Pilates for Women

Be Healthy

Another great article from Jenn at Smart Health Training & Services

When we consider Women’ s Health, we can look  at the pre and post natal phases, Pelvic floor dysfunction, Menopause and Osteoporosis, as the female travels through the decades.

In the pre natal phase, the female body is loaded with a lovely pregnancy hormone called Relaxin. Relaxin is important to soften the soft tissues allowing the female pelvis to open and the musculature to stretch to adapt to the growing fetus. This is also important on labor day to allow for good opening of the birth canal in order to deliver the baby. As the mummy’s body works through it’s changes over the 9 months, it is important for one to maintain stability through the skeleton as best possible. There will be expected pregnancy aches and pains but, through Pilates, one can assist with healthy stretching of the muscles, maintain lumbopelvioc control, correct posture and increase postural endurance in preparation for caring for your beautiful newborn.The muscles do stretch of course but we can maintain tone in them to encourage a swift bounce back post baby.  Of course Pilates is also a positive way to focus on the Pelvic floor musculature and develop good Pelvic Floor habits.

Once we have developed health habits and good muscle tone, we will be fit for labor and then pre-prepared for a healthy return to the post natal body. It is important for us to consider the fourth trimester of pregnancy, where that pregnancy hormone relaxin is still in the body for 12 weeks post natally. Through this time we must respect the ligaments and soft tissue exercising  like we were prenatally. Pilates can be returned to after a Vaginal Delivery or a  Caesarian Section, but always best under a Qualified Pilates Instructor. Pilates is a great form of exercise to maintain good body fitness, wellness and strength between pregnancies also and especially when a mummy is caring for a new born, a toddler and a school child – the busy mummy life needs fitness!

Pelvic Floor dysfunction may come in the form of weakness or, the lesser known,  tightness (overactivity). Weakness may stem from childbirth, over exertion through exercise or manual handling or even over exertion from repetitive coughing such lung conditions like asthma, cystic fibrosis or bronchiectasis. The use of correct Pilates trains one to sequence the pelvic floor muscles with the deeper abdominal muscles to provide stability before loading the global muscles. The sequencing is important to ensure we place the correct safe load on the Pelvic Floor Muscles to train them into strength rather than strain them. Pelvic floor tightness can come from muscular damage post natal, boney pelvic bio mechanic dysfunction or even low back pain. The muscles begin to guard to protect and this combined with possible scarring causes the hammock of muscles to tighten. This can still present as some leaking when the two sides of the Pelvic floor do not close accurately, allowing a leak and therefore commonly misdiagnosed as weakness.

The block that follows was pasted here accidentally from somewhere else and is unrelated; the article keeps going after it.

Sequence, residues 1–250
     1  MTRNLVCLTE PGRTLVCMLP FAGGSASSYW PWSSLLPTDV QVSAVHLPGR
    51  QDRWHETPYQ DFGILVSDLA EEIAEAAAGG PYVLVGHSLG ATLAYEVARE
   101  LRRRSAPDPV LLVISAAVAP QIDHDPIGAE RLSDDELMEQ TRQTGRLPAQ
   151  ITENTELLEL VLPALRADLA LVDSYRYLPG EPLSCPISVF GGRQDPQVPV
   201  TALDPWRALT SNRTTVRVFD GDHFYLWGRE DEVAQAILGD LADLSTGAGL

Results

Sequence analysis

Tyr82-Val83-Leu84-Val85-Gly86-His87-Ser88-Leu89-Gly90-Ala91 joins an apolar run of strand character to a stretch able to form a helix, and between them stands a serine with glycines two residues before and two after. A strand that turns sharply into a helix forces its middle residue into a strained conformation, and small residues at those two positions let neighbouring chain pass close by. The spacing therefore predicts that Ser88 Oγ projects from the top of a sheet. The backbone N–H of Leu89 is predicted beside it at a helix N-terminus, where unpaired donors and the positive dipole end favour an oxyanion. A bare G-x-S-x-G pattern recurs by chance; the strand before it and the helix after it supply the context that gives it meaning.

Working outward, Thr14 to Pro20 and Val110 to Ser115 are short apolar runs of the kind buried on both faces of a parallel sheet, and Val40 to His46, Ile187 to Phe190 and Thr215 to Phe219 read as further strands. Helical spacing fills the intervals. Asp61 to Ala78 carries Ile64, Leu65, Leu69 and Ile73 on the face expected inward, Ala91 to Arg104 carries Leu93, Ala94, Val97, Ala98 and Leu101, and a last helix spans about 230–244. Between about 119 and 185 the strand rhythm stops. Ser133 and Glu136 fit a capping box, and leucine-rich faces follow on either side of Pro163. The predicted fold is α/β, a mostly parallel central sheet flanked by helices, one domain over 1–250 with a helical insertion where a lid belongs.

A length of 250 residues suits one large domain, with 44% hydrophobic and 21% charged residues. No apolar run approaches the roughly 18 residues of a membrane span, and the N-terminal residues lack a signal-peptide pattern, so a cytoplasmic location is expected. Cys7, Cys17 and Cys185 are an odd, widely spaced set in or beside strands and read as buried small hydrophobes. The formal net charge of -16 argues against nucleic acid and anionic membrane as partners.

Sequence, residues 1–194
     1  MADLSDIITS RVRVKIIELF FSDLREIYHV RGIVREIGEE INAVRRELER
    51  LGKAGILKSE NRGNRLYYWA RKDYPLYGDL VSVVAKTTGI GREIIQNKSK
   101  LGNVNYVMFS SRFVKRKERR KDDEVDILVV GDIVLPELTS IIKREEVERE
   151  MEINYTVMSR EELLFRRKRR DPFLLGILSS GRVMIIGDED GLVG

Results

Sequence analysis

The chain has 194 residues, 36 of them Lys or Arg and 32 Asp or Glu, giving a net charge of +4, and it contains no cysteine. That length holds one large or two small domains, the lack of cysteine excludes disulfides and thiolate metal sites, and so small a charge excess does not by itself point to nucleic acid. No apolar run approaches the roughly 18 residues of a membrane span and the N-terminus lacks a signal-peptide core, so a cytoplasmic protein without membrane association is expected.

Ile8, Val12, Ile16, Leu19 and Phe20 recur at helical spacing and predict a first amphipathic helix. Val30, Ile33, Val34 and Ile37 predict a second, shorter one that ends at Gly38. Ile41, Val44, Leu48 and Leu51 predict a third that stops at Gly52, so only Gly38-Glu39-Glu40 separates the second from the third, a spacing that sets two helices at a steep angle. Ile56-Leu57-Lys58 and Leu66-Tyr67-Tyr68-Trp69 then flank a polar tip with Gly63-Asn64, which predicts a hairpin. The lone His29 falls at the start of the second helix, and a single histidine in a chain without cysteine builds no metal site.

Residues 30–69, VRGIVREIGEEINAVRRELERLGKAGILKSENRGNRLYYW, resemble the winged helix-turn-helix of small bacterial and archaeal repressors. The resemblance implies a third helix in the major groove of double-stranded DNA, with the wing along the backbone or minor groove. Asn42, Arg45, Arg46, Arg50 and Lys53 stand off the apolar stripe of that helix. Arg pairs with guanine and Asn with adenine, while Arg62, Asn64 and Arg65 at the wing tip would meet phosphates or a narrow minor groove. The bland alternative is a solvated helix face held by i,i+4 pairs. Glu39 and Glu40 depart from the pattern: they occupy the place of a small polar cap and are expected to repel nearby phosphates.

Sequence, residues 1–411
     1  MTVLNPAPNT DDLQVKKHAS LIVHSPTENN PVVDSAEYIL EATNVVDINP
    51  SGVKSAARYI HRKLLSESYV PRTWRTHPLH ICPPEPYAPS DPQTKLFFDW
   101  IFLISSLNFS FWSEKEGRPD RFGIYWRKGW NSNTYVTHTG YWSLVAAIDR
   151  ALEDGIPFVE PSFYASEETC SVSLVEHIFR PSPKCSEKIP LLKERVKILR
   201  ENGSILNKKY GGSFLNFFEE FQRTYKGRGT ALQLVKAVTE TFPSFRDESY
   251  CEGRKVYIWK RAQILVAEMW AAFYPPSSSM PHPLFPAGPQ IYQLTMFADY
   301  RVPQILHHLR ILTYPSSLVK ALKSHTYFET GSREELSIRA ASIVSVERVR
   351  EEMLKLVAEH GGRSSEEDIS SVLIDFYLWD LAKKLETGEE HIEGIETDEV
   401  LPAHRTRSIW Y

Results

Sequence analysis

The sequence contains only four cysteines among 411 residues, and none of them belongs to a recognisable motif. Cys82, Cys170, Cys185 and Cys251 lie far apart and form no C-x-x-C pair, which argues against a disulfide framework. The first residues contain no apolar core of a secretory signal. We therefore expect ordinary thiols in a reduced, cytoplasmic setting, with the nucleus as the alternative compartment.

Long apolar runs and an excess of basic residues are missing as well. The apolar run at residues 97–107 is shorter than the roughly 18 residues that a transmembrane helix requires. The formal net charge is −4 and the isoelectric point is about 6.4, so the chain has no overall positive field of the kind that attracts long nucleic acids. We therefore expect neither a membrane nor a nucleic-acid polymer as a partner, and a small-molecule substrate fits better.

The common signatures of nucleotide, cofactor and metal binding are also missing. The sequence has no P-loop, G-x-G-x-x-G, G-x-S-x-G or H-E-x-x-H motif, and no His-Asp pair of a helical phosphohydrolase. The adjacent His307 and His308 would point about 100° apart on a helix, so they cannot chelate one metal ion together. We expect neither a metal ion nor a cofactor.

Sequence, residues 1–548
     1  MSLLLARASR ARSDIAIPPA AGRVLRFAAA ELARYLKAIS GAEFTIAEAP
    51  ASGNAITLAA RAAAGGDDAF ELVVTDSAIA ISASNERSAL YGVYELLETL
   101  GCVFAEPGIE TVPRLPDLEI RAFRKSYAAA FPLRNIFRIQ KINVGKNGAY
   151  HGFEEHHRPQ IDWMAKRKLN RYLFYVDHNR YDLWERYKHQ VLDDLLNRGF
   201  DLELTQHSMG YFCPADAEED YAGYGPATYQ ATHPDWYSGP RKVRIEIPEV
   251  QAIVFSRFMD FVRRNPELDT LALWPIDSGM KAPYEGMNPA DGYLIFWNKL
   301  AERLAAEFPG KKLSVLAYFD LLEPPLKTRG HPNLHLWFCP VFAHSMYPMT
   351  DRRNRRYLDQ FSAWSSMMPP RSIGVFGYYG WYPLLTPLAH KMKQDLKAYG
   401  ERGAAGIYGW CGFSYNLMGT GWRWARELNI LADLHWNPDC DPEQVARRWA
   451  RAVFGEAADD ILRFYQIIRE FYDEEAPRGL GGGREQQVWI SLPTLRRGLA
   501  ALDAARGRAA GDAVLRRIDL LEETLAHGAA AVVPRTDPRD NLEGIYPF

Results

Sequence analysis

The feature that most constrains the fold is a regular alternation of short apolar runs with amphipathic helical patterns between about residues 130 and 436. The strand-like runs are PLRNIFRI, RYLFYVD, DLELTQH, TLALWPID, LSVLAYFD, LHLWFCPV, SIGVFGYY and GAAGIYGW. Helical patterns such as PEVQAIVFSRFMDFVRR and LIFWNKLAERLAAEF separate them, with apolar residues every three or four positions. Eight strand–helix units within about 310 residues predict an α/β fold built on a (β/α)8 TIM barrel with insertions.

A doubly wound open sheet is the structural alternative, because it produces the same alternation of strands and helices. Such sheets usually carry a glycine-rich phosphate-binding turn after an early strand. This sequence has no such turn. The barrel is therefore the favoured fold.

As the female progresses into the menopausal years, there is again a change in hormone balance. Muscle mass begins to diminish and Bone Density can drop by 30-55% in the female post 70 years old. Pilates is a supported and safe exercise format. It provides controlled and guided resistance, especially on the equipment. This builds muscle mass and also bone density to reverse these hormonal effects of aging. In addition, Pilates assists with balance and coordination which can be lost in the later years increasing the risk of  falls.

Similar to the above, Osteoporosis, or porous bone pathology is where the internal  component of the bone begins to degenerate. This is related to a reduction in Oestrogen,  possible reduction in protein based nutrients and reduction in Vitamin D as we have become far more Sun conscious. With the Osteoporotic person, we need to focus again on bone density and loaded weight bearing training. Specifically however, we would want to focus on exercise into the extensor muscles group, the shoulder girdle, the forearms and the hips. These are the common areas pf Stress fractures related to osteoporosis. It is most important to avoid loaded flexion with any exercise format for  the osteoporotic to prevent the chance of stress wedge fractures through the  spine.

So Pilates is a brilliant form of exercise and wellbeing for all phases of the Women’s Life. It will keep us fit, stable, health a strong through out. Enjoy!

Jen Guest is a Physiotherapist and Senior Pilates Practitioner at Smart Health Training & Services who holds a strong belief in working with junior dancers through their developmental years to achieve maximum potential.

Web: https://www.smarthealthtraining.com.au/
FB: https://www.facebook.com/Smart-Health-Training-and-Services
P: (08) 8293 1100
E: reception@smarthealthtraining.com.au
Address: 12-22 Richmond Road, Keswick

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